Over 50% of our fish for consumption is now farmed. And usually farmed in unsustainable and unnatural environments. Farmed salmon, for example, has been through much controversy and being deemed as one of the most toxic things you can put in your body per cubic inch of food considered “fit” for human consumption. The pools in which the fish are farmed are otherwise dubbed as “toxic toilets”. These unnatural living conditions utilize diets of chicken fat, soybeans, GMO grain feed, and not always other fish. In the past five years these industries have been struggling with a huge salmon lice epidemic which is forcing farmers to increase pesticides and antibiotics to the masses. This makes the excrement-filled pools a breeding ground for more toxic diseases, and because of these unnatural living conditions, the flesh and health of these animals suffer. Salmon are meant to migrate through open ocean waters, and swim inland through rivers and streams to create new life. Not be bred in pools.
We are not eating what we think we are.
These farmed salmon turn a sickly grey color instead of their normal bright pink flesh. The pink — which they normally should get from krill and shrimp, is instead substituted with a dye (astaxanthin) to mimic a healthy looking fish. (4) If we got gross, grey, toxic filled salmon in our stores — would you eat it?
But you are probably thinking — “but I need my omega-3 fatty acids and healthy protein according to nutritionists!” Well do you need a solid dose of toxic byproducts as well? What originally is being sold as healthy is now making us over-consume to the point we are most likely not even eating a natural thing anymore.
It now comes as a compromised, dirty, industry that is hurting other species and ecosystems.
The climes, they are a changin.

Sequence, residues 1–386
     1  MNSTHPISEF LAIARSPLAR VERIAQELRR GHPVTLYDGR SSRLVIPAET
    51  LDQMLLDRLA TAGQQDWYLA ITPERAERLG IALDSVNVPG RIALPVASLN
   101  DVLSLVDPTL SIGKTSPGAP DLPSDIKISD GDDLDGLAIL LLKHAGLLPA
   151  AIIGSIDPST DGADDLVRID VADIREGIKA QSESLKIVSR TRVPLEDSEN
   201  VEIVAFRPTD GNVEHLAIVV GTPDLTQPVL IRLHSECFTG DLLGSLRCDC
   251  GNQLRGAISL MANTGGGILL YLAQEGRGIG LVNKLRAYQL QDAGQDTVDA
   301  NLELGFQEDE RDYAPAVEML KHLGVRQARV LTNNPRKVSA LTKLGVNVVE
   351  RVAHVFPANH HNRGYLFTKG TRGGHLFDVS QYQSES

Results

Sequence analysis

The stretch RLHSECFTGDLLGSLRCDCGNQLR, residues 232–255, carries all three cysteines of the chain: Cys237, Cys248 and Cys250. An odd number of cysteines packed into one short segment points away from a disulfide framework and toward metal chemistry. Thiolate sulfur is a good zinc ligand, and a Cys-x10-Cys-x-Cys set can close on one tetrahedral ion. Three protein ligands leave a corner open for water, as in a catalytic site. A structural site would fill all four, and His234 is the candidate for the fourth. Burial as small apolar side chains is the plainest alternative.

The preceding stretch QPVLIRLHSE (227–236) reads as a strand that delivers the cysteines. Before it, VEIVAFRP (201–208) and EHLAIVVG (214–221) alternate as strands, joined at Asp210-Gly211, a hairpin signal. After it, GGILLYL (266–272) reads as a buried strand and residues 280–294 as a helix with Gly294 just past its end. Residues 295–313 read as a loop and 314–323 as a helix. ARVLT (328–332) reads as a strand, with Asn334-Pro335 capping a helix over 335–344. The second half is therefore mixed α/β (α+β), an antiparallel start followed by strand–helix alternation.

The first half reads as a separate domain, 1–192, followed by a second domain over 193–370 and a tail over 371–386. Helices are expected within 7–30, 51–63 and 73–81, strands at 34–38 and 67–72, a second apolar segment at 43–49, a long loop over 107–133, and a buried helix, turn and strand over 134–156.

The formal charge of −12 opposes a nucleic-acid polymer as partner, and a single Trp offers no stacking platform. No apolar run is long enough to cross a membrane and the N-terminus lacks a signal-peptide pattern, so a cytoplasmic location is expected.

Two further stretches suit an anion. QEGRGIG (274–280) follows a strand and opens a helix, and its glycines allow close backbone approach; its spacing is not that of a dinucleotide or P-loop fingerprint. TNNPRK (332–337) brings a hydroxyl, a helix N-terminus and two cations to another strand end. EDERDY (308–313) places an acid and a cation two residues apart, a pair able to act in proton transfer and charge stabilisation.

When it comes to our diets — and our food sources — is it healthy and sustainable if we throw out over 50% of fish that comes to market because it goes bad? Half of the fish that you see sitting in the deli, goes into the garbage, which means our unsustainable fishing practices are also unsustainable consumer practices too. (5)
The saddest part about all of this?
What we think is healthy for us is really not healthy at all for our oceans. I recently watched the film Chasing Coral, which day by day documents the decline of these starving reefs due to increasingly warming waters. 20% of our reliance on fish for food as well as 20% biodiversity in the ocean comes from Coral Reefs. Right now, we have exponentially lost 50% of the world’s coral in the past thirty years, and more than 85% of our own backyard American coral here in Florida has already disappeared due to Coral bleaching. These rapid, exponential rates should be a wake-up call of what is to come. It is an apocalyptic war-zone down under the sea, which is what we should expect here on land in the near future if we do not change something, and fast. The results are gut-wrenching and quite alarming to the fact we are going to have a difficult time reversing this one. (6)
I was extremely moved when I watched another film, Racing Extinction. It shared how humans are taking advantage of our resources, instead of working in symbiosis with nature. In this film, a poignant solution to climate change related it to species decline — and that if we work on saving and understanding the diverse species of flora and fauna in the world, we will in turn save ourselves. It shines a light on how important our diet is to changing the fate of the earth. Humans are dependent on earth and the circle of life to provide us food, fuel, air and water, but we seem to be missing that connecting link. (7)
These two films resonated with me by telling the story of animals that dont have a voice of their own. My mind is set, I am ready to make the changes. As a human being, I realize I have the power within my own pocket-book at the grocery store or a restaurant to make an impact on fighting a warming planet. I can choose how I spend my money, and what I put into my body.
I choose to vote for a better world with my fork, knife, and wallet.
Humans are overfishing and polluting to the point we are forcing mass extinction towards all species of life, as well as unsustainably consuming unhealthy animals.
Will we finally stop once our oceans are sick and there are no more fish to eat? Will we not learn until we are forced to make a choice? This is one simple thing I am foregoing in my life, out of respect to nature and myself — what will yours be?
(To find out what sustainable fishing can look like, and how you should better shop for fish if you are not ready to go 100% free, read this guide by Seafood Watch to learn state-by-state what is sustainable for your area.)